The VDP will perform a normal playback operation for a period A if it is playing back a video format signal recorded in, for instance, the pattern shown in FIG. 6. During this interval, the digital data inserted in block c will be recorded sequentially in memory 5. It is assumed that over the next period B, the VDP will reproduce still pictures or playback frame-fed data. The digital data stored in memory 5 will be applied as the present output. If this is time-axis compressed audio digital data, its output will occur at the corresponding still picture or frame-fed data playback time as analog audio data after time-axis expansion. Furthermore, during period A, the TV monitor will display the data clamped to a black level in screen processors 8 (FIG. 9).
Similarly, the digital data in block c will be successively stored in the memory during period A when the video format signal with the pattern shown in FIG. 7 is played back. The top and bottom of the monitor screen are made to remain at the black level, the image appearing in the intermediate area.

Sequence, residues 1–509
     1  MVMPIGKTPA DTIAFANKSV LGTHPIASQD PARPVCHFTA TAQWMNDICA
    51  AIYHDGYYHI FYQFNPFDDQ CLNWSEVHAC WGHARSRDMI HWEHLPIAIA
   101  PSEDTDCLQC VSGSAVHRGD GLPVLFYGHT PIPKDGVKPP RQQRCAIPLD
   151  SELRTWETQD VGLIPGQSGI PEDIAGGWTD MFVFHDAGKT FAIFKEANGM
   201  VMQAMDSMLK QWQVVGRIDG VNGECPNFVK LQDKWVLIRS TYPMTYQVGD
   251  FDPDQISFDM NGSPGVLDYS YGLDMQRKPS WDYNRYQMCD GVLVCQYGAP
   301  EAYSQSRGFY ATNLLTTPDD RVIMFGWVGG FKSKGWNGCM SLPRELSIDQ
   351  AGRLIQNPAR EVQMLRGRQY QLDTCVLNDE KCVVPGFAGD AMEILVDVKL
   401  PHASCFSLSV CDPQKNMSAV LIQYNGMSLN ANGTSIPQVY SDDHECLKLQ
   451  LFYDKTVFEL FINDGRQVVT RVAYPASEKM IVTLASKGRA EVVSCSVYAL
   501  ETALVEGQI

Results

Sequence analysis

Following this, the playback video format signal from the VDP video output terminal is applied to video amplifier 11 and there amplified. The amplified output is applied to synchronizing separator 12, and the separated synchronizing signals (V and H) are fed to one of the input terminals of timing signal generator 2. The amplified video signal is applied to the input of ATC circuit 13. By detecting the peak and pedestal levels of the data, the ATC circuit gradually and automatically sets the threshold level while following the respective data, and extracts the serial NRZ digital data from the video signals. Controlled by the timing control signal from timing signal generator 2, run-in signal detector 14 detects the 24-bit 12-cycle clock run-in signal from the serial data extracted by the ATC output of detector 14 and applied to the clock sampling circuit 17, which extracts the clock component from the normal serial data, taking the clock run-in signal as a reference. The extracted clock component is supplied to system clock generator 18. From the extracted clock component, the system clock generator causes the PLL circuit to generate system clock signals synchronized with the serial data. These clock signals are employed for system operation. The clock signals generated by system clock generator 18 are applied to timing signal generator 2. Timing signal generator 2 generates timing signal applied to the control terminals of field SYNC detector 19, which is controlled by the synchronizing signals (V and H) with the clock signals as a reference, and detects the horizontal scanning line 22H in each field, and thereby the field SYNC. Timing signal generator 2 also generates the timing control signals to separate control data after detecting 23H to 26H, and generates control signals for data write and read operations following detection of 27H.